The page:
U.S. Envoy to Libya Wikileaks' First Casualty?

US ambassador to Libya Gene A. Cretz speaks at the US embassy in Tripoli, Libya, in April, 2009. Cretz, the first US ambassador to Libya for 36 years, may have lost his post because of revelations in WikiLeaks diplomatic cables. AP Photo

US ambassador to Libya Gene A. Cretz speaks at the US embassy in Tripoli, Libya, in April, 2009. Cretz, the first US ambassador to Libya for 36 years, may have lost his post because of revelations in WikiLeaks diplomatic cables.
AP Photo
It was an aside in a longer note from the U.S. ambassador in Libya back to Washington about Libyan leader Col. Muammar el-Qaddafi's trip to New York for a U.N. General Assembly: the aging North African ruler always has his voluptuous Ukrainian nurse at his side.

Now that, along with other small but embarrassing details about what Washington and its diplomats really think of Qaddafi, may have led the U.S. Ambassador to Libya, Gene Cretz, a veteran American diplomat, to lose his post, reports McClatchy newspapers.

Cretz has been recalled to Washington and may not return, according to McClatchy's report.

Libyan-American relations have been difficult for decades, finally opening up a bit in 2003 when Libya gave up its nuclear program. Previously, Libya had been accused, and in some cases admitted to, sponsoring international terrorism.

After Qaddafi, the Libyan ruler since his successful 1969 military coup, began acceding to Western demands, American diplomacy was ramped up there.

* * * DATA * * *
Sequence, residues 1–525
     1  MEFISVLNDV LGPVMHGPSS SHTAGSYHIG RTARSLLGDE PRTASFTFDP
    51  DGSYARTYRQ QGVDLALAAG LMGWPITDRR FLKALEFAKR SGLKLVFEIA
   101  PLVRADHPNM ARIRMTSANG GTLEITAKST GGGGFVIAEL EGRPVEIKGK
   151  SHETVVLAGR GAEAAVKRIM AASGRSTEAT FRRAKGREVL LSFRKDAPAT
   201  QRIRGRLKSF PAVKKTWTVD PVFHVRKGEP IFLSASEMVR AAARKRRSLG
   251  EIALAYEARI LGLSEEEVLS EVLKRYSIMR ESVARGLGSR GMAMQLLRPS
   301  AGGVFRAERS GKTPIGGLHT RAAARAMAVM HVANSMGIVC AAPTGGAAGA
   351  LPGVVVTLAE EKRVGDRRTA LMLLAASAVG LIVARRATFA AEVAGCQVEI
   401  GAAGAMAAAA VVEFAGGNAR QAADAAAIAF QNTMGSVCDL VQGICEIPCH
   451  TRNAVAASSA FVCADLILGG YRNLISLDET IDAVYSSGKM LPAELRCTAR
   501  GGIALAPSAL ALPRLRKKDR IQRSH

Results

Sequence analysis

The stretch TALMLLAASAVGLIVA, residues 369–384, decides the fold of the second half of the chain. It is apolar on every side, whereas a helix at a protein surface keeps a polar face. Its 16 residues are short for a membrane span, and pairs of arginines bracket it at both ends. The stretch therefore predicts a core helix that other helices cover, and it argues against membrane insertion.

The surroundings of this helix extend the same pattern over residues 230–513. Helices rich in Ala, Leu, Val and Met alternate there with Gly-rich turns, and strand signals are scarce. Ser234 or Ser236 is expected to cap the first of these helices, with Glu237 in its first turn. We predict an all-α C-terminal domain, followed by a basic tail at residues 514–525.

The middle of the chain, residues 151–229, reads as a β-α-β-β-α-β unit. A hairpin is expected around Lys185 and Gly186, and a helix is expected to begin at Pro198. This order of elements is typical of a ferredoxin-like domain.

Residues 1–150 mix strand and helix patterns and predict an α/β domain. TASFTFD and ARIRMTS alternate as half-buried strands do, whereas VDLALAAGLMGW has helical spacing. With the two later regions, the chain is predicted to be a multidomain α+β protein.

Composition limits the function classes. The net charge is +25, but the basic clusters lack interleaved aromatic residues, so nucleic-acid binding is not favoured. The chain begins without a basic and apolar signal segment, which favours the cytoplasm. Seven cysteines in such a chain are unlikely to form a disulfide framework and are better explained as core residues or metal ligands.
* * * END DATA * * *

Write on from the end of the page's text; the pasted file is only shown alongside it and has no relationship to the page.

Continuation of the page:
Special Report: WikiLeaks

Now, however, the notoriously prickly and eccentric Qaddafi may have taken gossipy WikiLeaks revelations to heart, McClatchy reports

"It's a complicated relationship, and WikiLeaks just added to that complication," said an official, who requested anonymity because no announcement has been made on Cretz's status, told McClatchy.

State Department spokesman P.J. Crowley told reporters that Cretz had returned to Washington for consultations. "One of the issues to be discussed will be, you know, when he goes back," Crowley said.

When WikiLeaks first released a small fraction of the reported 250,000 diplomatic cables it possesses, many in Washington complained it will ruin America's ability to engage in diplomacy successfully.

Although several anecdotes about sudden, new difficulties for American diplomats have surfaced since the release, the recall of Cretz may be the first real-world sign that WikiLeaks has harmed American diplomacy.

McClatchy reports that Cretz, who in November 2008 became the first U.S. ambassador to Libya since 1972, wrote in a leaked September 2009 cable, entitled "A Glimpse Into Libyan Leader Gadhafi's Eccentricities," that "Gadhafi relies heavily on his longtime Ukrainian nurse, Galyna . . . who has been described as a 'voluptuous blonde.'"

"He also appears to have an intense dislike or fear of staying on upper floors, reportedly prefers not to fly over water, and seems to enjoy horse racing and flamenco dancing," reported the cable, written as the Libyan leader prepared to travel to New York for the annual U.N. General Assembly.

Gadhafi "has been described as both mercurial and eccentric, and our recent firsthand experiences with him and his office, primarily in preparation for his UNGA trip, demonstrated the truth of both characterizations," Cretz wrote.

Another cable, written three months earlier, reported that rumors of Gadhafi's suffering from cancer were "unreliable," but that the leader had hypertension and was a borderline diabetic.

"Gadhafi was described as 'a hypochondriac,' who insisted that all examinations and procedures be filmed and then spent hours reviewing them with physicians whom he trusted," the ambassador reported.

  • Joshua Norman

    Joshua Norman is a Senior Editor at CBSNews.com.

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